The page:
To be certain of spotting animals, visit the Reptile Park right next to Nauyaca Falls entrance. This was our bargain of the trip as I only had $20 and a few more bucks in colones on me, thinking a few cages of snakes and lizards would surely not be more than that and, anyway, I had my credit card (they don’t take them). Also, we had just been to the Falls and if it had indeed been only $8 per car (wrong guidebook, so wrong), I’d have had $24 more – which would still not have been enough. Fifty bucks for all of us as the official foreign-tourist entrance price quickly made us Costa Ricans (citizens always pay only half or less at all attractions) and the friendly chap at the door allowed us in. I had expected dusty cages with half-dead snakes chewing on rotting mice, but no – this was an excellent reptilian display. First of all, a couple dozen snakes were on view, ranging in colour from bright red-yellow-black to chameleonic sandy brown-and-grey patched coiled springs. Ranging from non-venomous to totally like kill-you-to-death deadly and clearly labelled (cages not the actual slitherers) with origin and a few more interesting details, they were – with a bit of effort that just made it more fun – easy to spot in their glass cages. This was quickly followed by mini-pools of turtles and a variety of lizards, baby snakes and even a real Komodo dragon. The latter had peely skin and a foot-long skinny white tongue that darted out of its mouth every few seconds. Very dragonlike indeed. The highlight for my husband was the two-turtle display – one on top of the other, the male grunting every couple of seconds as the female below hid her eyes in her flippers and looked for a good show on the telly. “They’re just playing,” we explained to our curious youngest child, while the older boys, of course, found it hilarious. They are their father’s kids, after all. Even if we had paid the full price (sorry again, chappie at the front), it would have been worth it. Doubly so for our super-discount.
After your flesh has crept, you’ll need to swim. The curvy nature of the coast creates a different sandy beach in every nook. Like waterfalls, each beach has its own character. Playa Uvita has gentle waves and a long sandy stretch. Further north, the waves are rougher but better for post-beginner surfers. Playa Ventanas is very pretty with rock pools and caves where the water flows from the ocean through a tunnel in the rock and splashes onto the beach. At low tide, you can walk right through the tunnels, but it is not advisable at midday, when the water is pounding loudly through the rocky opening. Lovely place to jump in the waves and enjoy the mountain view behind you, or climb over a few rocky ledges to enter other small coves beyond the main sand stretch. A bit too popular though, crowded with locals with picnics and even making their own barbecues from twigs set alight between two horizontal tree logs on which is balanced the roast of the day. There are plenty of logs and twigs lying around with which to make your own cooker as the $10 entrance fee clearly does not go towards cleaning the debris from the beach.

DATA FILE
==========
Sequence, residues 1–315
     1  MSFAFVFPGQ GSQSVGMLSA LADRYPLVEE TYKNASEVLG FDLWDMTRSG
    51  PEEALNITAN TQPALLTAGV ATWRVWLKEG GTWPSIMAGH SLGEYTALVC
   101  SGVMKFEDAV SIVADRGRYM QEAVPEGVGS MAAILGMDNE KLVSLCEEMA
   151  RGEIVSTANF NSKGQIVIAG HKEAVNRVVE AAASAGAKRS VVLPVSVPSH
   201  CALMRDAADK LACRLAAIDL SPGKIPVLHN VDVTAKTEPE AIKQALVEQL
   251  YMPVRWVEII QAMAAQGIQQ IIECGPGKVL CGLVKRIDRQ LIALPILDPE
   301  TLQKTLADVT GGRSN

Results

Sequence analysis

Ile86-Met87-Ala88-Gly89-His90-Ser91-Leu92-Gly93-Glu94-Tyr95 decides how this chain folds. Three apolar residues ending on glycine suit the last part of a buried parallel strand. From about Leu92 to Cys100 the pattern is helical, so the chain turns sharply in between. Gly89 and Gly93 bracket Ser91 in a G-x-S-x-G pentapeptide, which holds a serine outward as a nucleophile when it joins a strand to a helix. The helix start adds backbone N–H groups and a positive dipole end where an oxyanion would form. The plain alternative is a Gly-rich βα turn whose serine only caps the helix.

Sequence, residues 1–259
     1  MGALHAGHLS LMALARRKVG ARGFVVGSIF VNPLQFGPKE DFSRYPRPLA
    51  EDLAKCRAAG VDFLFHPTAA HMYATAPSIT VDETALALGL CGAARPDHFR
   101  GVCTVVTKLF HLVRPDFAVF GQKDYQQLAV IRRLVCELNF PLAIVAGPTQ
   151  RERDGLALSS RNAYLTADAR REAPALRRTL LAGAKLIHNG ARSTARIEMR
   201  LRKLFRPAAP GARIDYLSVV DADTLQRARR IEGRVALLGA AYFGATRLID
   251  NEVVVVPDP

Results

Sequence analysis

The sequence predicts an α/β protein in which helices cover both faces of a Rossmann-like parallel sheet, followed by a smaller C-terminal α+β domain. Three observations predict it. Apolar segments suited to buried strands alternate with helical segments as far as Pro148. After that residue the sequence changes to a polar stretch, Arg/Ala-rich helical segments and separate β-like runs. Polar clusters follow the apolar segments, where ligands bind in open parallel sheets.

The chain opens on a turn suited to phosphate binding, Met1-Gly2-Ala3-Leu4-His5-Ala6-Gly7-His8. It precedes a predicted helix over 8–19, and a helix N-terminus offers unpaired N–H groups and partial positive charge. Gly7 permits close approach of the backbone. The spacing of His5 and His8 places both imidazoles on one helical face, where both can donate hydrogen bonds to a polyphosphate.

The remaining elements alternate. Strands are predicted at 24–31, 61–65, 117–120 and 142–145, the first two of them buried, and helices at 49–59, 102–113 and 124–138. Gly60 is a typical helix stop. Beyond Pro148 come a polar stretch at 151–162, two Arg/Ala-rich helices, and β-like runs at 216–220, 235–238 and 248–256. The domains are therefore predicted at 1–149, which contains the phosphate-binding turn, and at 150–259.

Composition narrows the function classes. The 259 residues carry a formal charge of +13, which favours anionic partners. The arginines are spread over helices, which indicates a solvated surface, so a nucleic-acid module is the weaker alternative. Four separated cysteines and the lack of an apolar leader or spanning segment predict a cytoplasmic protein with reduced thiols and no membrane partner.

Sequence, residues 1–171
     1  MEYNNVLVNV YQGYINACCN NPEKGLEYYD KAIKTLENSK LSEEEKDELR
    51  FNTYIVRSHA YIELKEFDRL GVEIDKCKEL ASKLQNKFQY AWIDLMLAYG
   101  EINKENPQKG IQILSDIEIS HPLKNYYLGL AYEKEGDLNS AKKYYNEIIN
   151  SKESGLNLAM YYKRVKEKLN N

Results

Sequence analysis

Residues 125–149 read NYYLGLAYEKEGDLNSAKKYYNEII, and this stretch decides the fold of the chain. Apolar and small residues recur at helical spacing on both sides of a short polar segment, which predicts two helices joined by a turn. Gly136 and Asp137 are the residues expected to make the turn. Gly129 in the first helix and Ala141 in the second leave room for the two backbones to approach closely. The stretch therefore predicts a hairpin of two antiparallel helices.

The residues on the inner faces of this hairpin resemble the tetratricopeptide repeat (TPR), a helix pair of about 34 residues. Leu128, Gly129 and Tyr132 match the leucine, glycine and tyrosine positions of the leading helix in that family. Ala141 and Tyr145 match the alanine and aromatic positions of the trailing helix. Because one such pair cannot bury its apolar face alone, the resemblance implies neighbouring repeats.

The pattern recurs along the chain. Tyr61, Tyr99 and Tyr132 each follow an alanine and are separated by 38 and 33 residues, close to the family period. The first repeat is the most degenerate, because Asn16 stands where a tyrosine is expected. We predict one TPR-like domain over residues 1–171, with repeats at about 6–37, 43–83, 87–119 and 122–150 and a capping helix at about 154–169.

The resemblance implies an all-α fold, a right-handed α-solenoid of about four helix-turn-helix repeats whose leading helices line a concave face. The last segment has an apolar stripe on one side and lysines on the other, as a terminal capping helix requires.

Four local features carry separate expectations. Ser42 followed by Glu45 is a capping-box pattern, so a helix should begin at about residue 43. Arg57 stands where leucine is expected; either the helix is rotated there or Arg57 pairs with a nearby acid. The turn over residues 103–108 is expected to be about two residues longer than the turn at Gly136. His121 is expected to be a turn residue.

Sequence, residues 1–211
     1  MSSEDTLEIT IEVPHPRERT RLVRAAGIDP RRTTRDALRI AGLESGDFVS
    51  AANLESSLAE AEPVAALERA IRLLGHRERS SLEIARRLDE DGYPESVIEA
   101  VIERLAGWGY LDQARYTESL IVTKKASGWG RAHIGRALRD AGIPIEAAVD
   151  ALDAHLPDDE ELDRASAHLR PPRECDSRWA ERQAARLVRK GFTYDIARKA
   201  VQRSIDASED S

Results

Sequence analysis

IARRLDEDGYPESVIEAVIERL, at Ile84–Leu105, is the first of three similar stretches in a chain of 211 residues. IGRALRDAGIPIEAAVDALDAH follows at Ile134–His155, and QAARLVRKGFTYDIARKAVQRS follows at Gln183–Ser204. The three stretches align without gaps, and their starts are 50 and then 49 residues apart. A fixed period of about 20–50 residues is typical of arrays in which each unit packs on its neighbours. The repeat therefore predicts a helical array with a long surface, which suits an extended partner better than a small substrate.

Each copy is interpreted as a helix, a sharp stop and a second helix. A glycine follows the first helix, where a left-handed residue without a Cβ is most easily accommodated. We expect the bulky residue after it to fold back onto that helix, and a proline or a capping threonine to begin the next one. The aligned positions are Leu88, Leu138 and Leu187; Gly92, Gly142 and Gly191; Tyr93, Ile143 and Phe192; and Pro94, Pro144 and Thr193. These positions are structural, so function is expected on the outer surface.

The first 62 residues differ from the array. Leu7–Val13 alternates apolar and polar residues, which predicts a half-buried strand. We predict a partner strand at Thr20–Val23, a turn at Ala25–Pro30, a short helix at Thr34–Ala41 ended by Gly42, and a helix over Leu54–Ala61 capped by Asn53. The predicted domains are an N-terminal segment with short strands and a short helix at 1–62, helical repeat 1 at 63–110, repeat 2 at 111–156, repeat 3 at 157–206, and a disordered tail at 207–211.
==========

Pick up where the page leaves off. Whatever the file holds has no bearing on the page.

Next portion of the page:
Desperate for a non-biological education of some kind, I booked us into a coffee tour on our last afternoon as we had an early flight the next day and had reserved the Marriott San Jose, near the airport, for that evening. Cafe Britt coffee plantation is only fifteen minutes from the hotel and has a kitschy bilingual tour with corny jokes and minimal information on coffee production from seed to sip that lasts ninety minutes. The older kids enjoyed it, especially firstborn as he got to participate in the coffee tasting show at the end, though his ability to loudly slurp the coffee in order to taste it properly was pooh-poohed as completely inadequate by our host. The gift shop has lots of coffee beans to taste and buy, both for drinks and chocolate-covered, plus small bottles of coffee liqueurs which will make excellent gifts for the office gang back home.
I should add that the Marriott was a splendid location for our last night. A huge warm swimming pool, smaller cold pool and heated hot tub meant we could swim at night even in the cooler mountain air. The winds blowing through the hotel were refreshing after a week in 80+ degree coastal humidity. The dinner buffet in the Kitchen restaurant for $25 covered the tastes of the whole family (salad, grilled sliced meats, stir fry where you pick your own ingredients, roasted vegetables and salmon) and even came with a free glass of wine. The lobby-level bar has several board games along with its fruity cocktail choices and so I now know that I can beat my husband in Spanish-letter Scrabble (playing English words) as easily as I can in the American variety, booyah.
On the journey up the coast to the hotel, we realised how isolated we had been down south, as we didn’t get to our first traffic light for 100km until the busy town of Parrita. We even found Jaco overwhelming the second time around, when we stopped for lunch, though the Green Room with its burgers, egg sandwiches and humongous burritos was a welcome first-meal of the day after our two-hour drive up the coast. Jacowalk has Brittshop, which feels practically European with its fresh sandwiches, creamy eclairs and Godiva-beating chocolates and chocolate-dipped orange slices. Skip the watery smoothies at Buenazco, just around the corner, and hang out at Brittshop instead.
Normally, I consider all holidays without a jewellery purchase to be a complete waste of time and this trip was nearly a washout until, at the last moment in the airport, the week was saved. A local artist makes gold-plated chains with quartz pendants dangling from them in interesting rough-hewn shapes and so a new acquisition in deep purple quartz was completed, which I am wearing now even as I write this on our flight home. Not an expensive addition, and even cheaper as I promised to share it with daughter so that splits the cost, right? Just need to find a way to charge her – since she’s sadly not an income earner for our household, I requested that she pay her half in good behaviour. Time to cross my fingers and hope.